Ryan Hamner is a four-time survivor of Hodgkin lymphoma, a musician, and an award-winning author. In 2011, he wrote and recorded, "Where Hope Lives" for the American Cancer Society and the song for survivors, "Survivors Survive" used in 2015 for #WorldCancerDay. Recently, he published his book, This is Remission: A Four-Time Cancer Survivor's Memories of Treatment, Struggle, and Life, available on Amazon. His website is www.ryanhamner.com
How just another day at work triggered thoughts of having cancer as a child.
"I know those butterflies," I thought to myself, "I've seen them so many times, as a kid," and felt them.
If I had shared this with my coworker as we walked through the bright colored halls of the children's hospital where we work, he probably would've had no clue as to what I was talking about, or why.
As we walked through the hospital, we passed labs, nurses, pediatric oncologists, waiting rooms, decorated for children. There were even the smells — it was all there. It was like unexpected time travel. Bam! I was transported back.
But, it was those butterflies, the bright multicolored butterflies painted on the panels of the hospital ceilings above me. These were what triggered the most memories. I wasn't looking for it to happen, it just happened. Honestly, they seemed to be the same butterflies like the ones I used to look up and see over 30 years ago.
Just like all of the other reminders of being a kid with cancer, G.I. Joe men, the movie Raiders of the Lost Ark, Sunday afternoons, McDonald's (weird right?), cold tile floors, alcohol and even refrigerators, looking up at the butterfly paintings reminded me of so many experiences that I had as a kid fighting cancer.
Even though I distinctly remember the butterflies were there, I don't remember each time I saw them. That’s probably because there were so many instances that I saw them. I do, however, remember several times waking up and seeing these guys directly above me, just hanging out. I also remember a few times thinking, "Why butterflies? Why not horses or some other animal? Owls? They're pretty cool."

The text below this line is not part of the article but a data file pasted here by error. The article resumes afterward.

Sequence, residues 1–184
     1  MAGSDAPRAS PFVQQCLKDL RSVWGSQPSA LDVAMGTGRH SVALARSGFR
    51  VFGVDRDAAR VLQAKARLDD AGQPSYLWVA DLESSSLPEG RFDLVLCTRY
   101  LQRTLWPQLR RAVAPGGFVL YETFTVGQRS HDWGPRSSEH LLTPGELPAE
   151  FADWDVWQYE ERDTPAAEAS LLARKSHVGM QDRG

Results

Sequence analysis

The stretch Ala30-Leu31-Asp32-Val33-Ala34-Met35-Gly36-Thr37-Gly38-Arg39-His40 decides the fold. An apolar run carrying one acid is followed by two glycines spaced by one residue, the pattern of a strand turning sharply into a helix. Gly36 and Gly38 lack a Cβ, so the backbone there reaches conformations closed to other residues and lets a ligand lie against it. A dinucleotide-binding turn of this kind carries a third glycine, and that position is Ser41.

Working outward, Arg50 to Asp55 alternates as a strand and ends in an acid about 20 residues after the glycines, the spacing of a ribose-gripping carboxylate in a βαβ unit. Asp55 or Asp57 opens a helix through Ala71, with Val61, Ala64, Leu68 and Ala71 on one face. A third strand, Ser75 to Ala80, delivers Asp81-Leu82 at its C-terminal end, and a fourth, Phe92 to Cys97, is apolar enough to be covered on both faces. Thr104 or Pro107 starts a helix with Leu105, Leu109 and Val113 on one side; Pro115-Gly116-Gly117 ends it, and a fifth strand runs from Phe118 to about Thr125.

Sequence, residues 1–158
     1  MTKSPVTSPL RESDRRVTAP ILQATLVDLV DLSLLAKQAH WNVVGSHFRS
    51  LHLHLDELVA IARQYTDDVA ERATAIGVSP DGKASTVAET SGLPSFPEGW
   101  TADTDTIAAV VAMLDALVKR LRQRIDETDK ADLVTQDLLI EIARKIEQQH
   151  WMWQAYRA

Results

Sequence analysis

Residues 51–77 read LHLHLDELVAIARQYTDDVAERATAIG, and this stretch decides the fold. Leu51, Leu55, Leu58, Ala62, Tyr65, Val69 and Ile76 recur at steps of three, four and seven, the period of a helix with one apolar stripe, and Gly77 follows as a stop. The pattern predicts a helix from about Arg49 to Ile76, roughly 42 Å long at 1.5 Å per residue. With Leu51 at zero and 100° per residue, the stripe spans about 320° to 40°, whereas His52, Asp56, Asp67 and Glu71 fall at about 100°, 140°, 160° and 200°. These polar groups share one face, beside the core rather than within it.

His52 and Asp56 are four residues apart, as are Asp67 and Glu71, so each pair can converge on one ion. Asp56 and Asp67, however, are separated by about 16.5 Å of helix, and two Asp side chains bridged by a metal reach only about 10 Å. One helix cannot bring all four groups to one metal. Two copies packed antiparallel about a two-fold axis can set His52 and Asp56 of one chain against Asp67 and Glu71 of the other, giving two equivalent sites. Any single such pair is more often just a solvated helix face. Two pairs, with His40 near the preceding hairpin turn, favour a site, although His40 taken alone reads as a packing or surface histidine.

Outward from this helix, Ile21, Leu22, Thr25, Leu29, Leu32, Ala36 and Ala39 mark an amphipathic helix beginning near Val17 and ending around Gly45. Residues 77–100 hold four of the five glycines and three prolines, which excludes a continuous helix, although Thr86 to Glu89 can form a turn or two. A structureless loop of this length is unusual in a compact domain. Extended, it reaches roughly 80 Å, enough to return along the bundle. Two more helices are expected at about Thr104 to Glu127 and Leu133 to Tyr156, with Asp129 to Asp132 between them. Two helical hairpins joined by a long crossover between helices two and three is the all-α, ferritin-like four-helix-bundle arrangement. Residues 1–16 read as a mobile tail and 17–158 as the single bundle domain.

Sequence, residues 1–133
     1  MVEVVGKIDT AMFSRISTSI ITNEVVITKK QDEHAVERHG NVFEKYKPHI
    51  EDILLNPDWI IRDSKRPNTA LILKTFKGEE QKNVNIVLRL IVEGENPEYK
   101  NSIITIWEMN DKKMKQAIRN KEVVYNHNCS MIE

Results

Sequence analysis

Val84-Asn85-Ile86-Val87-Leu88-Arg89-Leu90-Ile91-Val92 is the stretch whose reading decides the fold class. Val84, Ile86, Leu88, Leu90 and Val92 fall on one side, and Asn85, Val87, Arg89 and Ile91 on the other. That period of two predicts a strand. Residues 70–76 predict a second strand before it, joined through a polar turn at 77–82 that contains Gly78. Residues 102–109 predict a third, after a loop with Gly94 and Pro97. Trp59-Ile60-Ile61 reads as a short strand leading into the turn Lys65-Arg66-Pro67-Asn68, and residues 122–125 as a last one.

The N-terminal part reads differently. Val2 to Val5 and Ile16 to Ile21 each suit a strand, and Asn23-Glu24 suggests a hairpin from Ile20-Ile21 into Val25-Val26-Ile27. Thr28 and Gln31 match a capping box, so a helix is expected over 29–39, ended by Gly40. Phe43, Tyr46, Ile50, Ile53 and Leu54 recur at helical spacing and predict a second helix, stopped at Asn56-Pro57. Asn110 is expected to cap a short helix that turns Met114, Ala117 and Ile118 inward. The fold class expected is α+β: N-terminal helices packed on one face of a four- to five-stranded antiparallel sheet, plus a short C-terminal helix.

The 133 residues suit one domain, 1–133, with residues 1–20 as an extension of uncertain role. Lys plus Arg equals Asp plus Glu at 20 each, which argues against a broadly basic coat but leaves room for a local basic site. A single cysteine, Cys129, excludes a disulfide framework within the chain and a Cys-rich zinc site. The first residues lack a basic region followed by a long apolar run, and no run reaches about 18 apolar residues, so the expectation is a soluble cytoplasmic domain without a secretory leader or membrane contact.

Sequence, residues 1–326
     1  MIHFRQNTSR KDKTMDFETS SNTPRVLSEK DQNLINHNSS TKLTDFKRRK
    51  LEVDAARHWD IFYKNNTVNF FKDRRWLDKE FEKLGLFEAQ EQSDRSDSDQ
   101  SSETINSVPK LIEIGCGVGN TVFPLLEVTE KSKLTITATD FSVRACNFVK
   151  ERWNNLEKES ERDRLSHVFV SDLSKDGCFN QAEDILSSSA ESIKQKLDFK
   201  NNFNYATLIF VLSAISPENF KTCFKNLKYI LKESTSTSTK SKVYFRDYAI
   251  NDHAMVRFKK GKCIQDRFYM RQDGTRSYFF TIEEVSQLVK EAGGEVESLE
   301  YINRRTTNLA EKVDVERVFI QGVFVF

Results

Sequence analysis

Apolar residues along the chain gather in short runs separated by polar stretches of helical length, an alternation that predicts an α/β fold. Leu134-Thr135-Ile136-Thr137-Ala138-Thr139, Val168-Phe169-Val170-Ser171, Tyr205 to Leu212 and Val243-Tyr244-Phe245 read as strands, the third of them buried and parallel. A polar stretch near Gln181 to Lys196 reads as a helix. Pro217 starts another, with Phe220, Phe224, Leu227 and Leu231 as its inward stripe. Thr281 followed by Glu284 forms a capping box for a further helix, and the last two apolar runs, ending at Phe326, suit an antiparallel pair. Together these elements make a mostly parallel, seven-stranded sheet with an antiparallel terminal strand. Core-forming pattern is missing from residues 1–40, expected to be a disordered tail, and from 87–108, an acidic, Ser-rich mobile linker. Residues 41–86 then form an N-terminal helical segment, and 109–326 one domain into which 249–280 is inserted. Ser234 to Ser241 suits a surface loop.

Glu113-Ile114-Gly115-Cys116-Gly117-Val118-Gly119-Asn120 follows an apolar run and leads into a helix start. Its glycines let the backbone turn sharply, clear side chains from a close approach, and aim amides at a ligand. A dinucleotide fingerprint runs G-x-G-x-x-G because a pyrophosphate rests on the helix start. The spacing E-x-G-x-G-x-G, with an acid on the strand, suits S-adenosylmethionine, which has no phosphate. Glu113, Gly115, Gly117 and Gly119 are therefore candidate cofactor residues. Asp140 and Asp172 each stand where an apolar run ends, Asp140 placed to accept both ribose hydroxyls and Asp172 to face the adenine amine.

Looking back though, there are several occasions where I remember looking up and seeing one or two of these butterflies while being rolled down the hospital hallways headed to the operating room. The memories all seem to blend into one but are all very much alike. I was cold (although I was wrapped in a warm blanket), very nervous and with the turn of every corner asking myself, "Is this the room? Is it time?"
I remember that straight face I kept. I'm sure I came off as emotionless at the time, but I was just focused on getting through it — I was just ready to get it done and go home.
It's really crazy looking back on how I went from being scared and uncertain in one moment, looking up at a ceiling full of brightly colored butterflies, wondering what the outcome of this next procedure would be, to weeks later being back outside, fishing or playing Army just beneath the real, brightly color butterflies. The contrast of the situations is striking. It often makes me wonder, what's way up above the butterflies?